Cubs: Anthony Rizzo.
Dodgers: Cody Bellinger.
Phillies: Rhys Hoskins.
Braves: Freddie Freeman.
Nationals: Ryan Zimmerman.
Blue Jays: Justin Smoak.
Mets: Dom Smith.
Hosmer theoretically fits the Red Sox or the Yankees, but each of those big-market teams have worked to get under the luxury-tax threshold. New York believes in Greg Bird’s talent and swing, and the potential savings of Bird over Hosmer is likely to keep the Yankees out of the Hosmer bidding. The Red Sox already have over $130 million committed in 2018 payroll before they pick up the options on closer Craig Kimbrel ($13 million) and Chris Sale ($12.5 million) and before they deal with the pricey arbitration cases of Xander Bogaerts, Jackie Bradley Jr. and Mookie Betts.
The Giants also have very little payroll flexibility, to the degree that they informed Madison Bumgarner last winter they weren’t ready to talk about a contract extension yet because of luxury-tax implications. The San Francisco front office would probably love to have Hosmer, who would help in so many ways -- the offensive production and RBI potential, the defense, the leadership. But Brandon Belt is about to reach the backloaded portion of his contract: He’ll make $17.2 million for each of the next four seasons, a staggering debt that the Giants might have to live with.
If Justin Upton opts out of the last four years of his deal with the Angels and walks away from $88.5 million, the Angels could be a fit for Hosmer. But if Upton stays, there might not be enough payroll flexibility for a serious run at the Royals’ first baseman.
The Cardinals again face the challenge of trying to figure out a way to make all of their ill-fitting pieces work. Matt Carpenter has been one of their best hitters for years, and during the 2017 season, he posted a .384 on-base percentage. Increasingly, however, evaluators view him as a defensive liability. The Cardinals have moved him from second base to third base to first base without settling on any one spot.
What follows is speculation: Carpenter is owed $30.5 million for the next two seasons, including a $2 million buyout on a 2020 option. The Cardinals have discussed the need to get better defensively, to get more athletic, and unquestionably, they would do so if they dealt Carpenter away and invested in Hosmer to be their everyday first baseman -- and Hosmer would make the Cardinals' pitching and the rest of the St. Louis infielders better with his defensive prowess.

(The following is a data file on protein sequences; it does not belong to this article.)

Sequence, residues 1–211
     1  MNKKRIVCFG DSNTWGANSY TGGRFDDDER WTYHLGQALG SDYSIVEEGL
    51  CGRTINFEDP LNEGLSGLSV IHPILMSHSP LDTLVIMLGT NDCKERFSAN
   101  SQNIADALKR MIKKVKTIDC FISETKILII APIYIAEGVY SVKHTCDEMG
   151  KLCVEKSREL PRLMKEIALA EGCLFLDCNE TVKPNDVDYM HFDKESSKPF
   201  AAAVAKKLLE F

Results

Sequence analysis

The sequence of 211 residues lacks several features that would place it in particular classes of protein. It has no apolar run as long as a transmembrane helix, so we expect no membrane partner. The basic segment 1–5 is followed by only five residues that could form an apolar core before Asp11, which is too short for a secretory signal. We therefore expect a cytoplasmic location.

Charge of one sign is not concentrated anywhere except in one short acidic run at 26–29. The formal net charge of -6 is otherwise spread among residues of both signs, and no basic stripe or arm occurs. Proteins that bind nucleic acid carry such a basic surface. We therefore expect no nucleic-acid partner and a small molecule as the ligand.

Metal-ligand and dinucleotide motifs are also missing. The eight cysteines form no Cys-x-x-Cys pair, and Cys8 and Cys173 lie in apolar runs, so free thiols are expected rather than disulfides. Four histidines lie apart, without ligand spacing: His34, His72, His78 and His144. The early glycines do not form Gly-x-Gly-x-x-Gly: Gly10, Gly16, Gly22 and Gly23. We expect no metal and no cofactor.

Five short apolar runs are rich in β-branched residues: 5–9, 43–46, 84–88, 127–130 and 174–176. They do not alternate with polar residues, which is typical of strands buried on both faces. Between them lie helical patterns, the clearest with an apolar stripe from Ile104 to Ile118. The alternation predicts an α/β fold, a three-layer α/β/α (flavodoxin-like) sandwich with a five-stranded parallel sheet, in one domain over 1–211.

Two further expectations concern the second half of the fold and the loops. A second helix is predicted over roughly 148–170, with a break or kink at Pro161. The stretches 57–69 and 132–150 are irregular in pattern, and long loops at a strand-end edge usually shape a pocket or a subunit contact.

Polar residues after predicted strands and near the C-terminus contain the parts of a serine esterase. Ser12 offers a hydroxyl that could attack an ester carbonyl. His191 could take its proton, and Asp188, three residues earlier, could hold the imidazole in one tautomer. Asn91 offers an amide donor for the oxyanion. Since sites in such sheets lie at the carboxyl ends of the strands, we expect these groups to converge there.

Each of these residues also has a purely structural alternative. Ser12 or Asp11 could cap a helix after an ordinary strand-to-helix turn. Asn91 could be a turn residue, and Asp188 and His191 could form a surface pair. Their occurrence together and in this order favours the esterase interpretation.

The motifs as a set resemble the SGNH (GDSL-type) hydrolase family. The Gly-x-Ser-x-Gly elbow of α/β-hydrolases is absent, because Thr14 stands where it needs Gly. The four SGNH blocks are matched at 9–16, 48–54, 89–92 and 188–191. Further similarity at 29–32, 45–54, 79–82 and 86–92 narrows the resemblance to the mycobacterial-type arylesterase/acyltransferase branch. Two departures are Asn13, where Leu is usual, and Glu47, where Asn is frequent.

As the saying goes: All it takes is one serious bidder. But it does not appear as if Hosmer will have a high volume of teams in pursuit, and the Royals might turn out to be his most ardent suitors.
Baseball Tonight Podcast
Friday: Aaron Boone discusses the Diamondbacks-Dodgers series and his interest in becoming a major league manager; Karl Ravech and Paul Hembekides on the playoffs; Chelsea Janes of the Washington Post discusses the Nationals.
Thursday: A conversation with Phillies slugger Rhys Hoskins about his instant success, dealing with the media and his sports fandom; Tim Kurkjian on the playoffs; Jake Kaplan of the Houston Chronicle discusses the Astros; Jesse Rogers of ESPN Chicago talks all things Cubs.
Wednesday: Keith Law on the re-energized Yankees and the Braves’ debacle; David O’Brien of the Atlanta Journal Constitution on what’s next for Atlanta; and Alex Speier of the Boston Globe on the Red Sox.
Tuesday: Jessica Mendoza and Boog Sciambi on the playoffs; Sarah Langs plays The Numbers Game; a discussion about the greatest home run in MLB history.
Monday: Jerry Crasnick on the best and worst moments of baseball’s final weekend -- the Royals and the Mets highlight this segment -- plus a conversation with former Dodgers GM Ned Colletti, who tells stories about the deals for Manny Ramirez and Adrian Gonzalez and about what he first saw in a teenage left-hander named Clayton Kershaw; Patrick Saunders of the Denver Post on the Rockies; Todd Radom’s uniform and logo contest.
And today will be better than yesterday.